The Referendum that Wasn't: Constitutional Recognition of Local Government and the Australian Federal Reform Dilemma
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In 2010, the Commonwealth government proposed Australia’s third attempt to give federal constitutional recognition to local government. In 2013, the government secured the passage through Parliament of a Constitution Alteration but, due to political events, and amid much controversy, the proposed amendment was not put to the people. This paper examines the merits and prospects for success of the proposed reform, with an eye to lessons for the future of local government’s place in the federal system. It argues that the legal and constitutional cases for the alteration were strong, but limited, and poorly contextualised, theorised and articulated. We use public opinion evidence to conclude that had it proceeded, the referendum result would probably have been a third failure. These lessons are important for ongoing debate over sub-constitutional and constitutional reform to Australian intergovernmental relations, including questions of federal financial redistribution at the core of the proposal. Overall, the events of 2013 reinforce arguments that reforms to the position of local government, while important, should only be pursued as part of a holistic package of federal reform and renovation; and that more robust deliberative processes and principles must be adhered to before again attempting any constitutional reform.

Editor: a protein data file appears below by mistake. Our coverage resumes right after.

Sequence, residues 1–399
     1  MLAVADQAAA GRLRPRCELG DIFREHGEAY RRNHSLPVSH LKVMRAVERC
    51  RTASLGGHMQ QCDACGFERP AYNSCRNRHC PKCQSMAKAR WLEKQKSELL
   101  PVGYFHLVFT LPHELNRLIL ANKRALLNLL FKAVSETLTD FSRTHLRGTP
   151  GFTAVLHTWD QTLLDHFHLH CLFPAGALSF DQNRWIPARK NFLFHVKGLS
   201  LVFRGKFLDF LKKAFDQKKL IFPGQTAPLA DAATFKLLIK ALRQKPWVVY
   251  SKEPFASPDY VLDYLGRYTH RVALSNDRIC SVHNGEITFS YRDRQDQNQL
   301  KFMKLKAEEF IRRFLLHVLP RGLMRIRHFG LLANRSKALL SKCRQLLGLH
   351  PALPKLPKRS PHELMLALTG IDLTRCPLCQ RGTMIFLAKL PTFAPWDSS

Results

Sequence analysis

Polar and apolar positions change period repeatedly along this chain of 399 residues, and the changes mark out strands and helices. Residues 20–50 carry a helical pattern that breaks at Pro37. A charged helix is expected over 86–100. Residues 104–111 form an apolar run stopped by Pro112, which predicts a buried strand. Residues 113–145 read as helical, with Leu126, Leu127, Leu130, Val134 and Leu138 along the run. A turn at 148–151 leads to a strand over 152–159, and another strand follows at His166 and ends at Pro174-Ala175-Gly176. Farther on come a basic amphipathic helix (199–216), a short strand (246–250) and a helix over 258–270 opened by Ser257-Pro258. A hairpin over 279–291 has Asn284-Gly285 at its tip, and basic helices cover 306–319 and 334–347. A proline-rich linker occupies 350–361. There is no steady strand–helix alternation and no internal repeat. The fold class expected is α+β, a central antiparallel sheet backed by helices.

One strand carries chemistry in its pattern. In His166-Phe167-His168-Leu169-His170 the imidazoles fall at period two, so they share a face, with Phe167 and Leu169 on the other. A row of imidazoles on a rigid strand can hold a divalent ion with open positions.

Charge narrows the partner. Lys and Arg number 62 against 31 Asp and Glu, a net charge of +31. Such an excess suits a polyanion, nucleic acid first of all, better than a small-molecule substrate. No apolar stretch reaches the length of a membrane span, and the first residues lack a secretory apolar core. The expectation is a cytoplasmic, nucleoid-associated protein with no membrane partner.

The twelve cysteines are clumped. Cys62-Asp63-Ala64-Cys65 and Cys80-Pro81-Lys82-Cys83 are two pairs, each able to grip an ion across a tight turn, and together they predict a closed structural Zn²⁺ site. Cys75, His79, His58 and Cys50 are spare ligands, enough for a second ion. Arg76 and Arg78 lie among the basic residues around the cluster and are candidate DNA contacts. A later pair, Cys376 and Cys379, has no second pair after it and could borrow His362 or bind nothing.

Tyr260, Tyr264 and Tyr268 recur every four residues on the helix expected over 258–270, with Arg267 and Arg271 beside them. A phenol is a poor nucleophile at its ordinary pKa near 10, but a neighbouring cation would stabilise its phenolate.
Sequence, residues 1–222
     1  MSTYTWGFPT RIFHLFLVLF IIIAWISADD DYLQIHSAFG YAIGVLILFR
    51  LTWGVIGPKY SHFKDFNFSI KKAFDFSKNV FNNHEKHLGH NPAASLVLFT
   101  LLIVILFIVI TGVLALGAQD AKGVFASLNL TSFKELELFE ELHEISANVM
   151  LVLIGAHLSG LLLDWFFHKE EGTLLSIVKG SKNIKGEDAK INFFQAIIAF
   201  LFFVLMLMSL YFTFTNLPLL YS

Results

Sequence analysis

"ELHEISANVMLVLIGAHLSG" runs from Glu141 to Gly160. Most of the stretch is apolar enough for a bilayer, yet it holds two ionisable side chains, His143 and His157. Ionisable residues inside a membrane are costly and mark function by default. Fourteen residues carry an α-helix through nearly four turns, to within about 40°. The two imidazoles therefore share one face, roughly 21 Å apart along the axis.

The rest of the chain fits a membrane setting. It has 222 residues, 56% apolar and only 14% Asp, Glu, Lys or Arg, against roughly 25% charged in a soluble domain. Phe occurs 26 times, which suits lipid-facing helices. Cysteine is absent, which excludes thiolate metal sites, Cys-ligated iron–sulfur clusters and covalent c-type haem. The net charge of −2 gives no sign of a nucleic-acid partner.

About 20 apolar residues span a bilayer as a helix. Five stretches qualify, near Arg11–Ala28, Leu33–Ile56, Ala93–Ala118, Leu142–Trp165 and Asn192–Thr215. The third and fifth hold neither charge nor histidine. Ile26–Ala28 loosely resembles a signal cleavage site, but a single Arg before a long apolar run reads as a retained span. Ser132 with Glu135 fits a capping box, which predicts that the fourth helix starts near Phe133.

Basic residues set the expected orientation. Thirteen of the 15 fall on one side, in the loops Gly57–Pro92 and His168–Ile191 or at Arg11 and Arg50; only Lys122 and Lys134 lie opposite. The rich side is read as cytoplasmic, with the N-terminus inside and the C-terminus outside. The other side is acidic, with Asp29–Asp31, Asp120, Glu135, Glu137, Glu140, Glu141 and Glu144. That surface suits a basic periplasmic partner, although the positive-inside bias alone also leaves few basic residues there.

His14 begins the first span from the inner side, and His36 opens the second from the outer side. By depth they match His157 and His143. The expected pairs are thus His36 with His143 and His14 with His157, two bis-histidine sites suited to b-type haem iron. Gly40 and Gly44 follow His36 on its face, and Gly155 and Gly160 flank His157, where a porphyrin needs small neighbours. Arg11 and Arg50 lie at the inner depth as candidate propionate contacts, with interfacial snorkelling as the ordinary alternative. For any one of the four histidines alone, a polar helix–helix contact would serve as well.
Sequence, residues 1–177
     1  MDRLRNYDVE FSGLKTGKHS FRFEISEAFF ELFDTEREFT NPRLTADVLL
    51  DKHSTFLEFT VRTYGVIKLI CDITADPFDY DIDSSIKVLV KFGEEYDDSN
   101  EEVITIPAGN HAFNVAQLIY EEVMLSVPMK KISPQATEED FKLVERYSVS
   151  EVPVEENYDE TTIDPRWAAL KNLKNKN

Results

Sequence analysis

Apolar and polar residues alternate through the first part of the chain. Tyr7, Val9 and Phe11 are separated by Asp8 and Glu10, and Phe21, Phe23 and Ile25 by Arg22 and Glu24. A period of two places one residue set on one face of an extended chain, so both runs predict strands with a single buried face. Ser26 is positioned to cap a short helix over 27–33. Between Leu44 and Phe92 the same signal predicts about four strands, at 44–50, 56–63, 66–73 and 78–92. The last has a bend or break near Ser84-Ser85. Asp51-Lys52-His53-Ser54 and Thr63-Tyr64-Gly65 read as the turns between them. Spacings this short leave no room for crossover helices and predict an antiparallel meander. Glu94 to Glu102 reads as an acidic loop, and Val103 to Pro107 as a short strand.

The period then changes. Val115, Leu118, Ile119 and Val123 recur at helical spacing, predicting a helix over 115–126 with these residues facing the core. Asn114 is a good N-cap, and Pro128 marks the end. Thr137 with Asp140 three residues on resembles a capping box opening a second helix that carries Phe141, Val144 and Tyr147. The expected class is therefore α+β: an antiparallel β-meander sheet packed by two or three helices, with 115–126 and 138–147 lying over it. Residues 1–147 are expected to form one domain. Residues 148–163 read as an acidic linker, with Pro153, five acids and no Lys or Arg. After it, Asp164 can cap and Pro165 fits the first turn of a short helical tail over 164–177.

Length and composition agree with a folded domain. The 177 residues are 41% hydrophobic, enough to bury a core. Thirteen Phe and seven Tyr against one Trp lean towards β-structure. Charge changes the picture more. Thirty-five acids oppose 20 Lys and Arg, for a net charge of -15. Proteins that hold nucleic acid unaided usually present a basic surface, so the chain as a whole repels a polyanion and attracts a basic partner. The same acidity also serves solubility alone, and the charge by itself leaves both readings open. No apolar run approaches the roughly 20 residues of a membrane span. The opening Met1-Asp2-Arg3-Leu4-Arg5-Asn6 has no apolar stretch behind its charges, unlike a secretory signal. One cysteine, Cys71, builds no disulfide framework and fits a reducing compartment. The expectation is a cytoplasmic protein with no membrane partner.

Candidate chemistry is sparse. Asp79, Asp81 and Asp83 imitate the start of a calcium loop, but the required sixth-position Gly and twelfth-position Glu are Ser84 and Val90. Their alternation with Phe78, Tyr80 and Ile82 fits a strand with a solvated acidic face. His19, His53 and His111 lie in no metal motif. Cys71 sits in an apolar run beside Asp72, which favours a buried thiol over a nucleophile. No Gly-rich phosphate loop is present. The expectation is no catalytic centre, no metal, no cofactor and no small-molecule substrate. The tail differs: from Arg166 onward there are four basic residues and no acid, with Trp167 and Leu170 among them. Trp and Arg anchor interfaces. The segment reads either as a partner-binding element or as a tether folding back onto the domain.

Federal Law Review
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Australian Government and Politics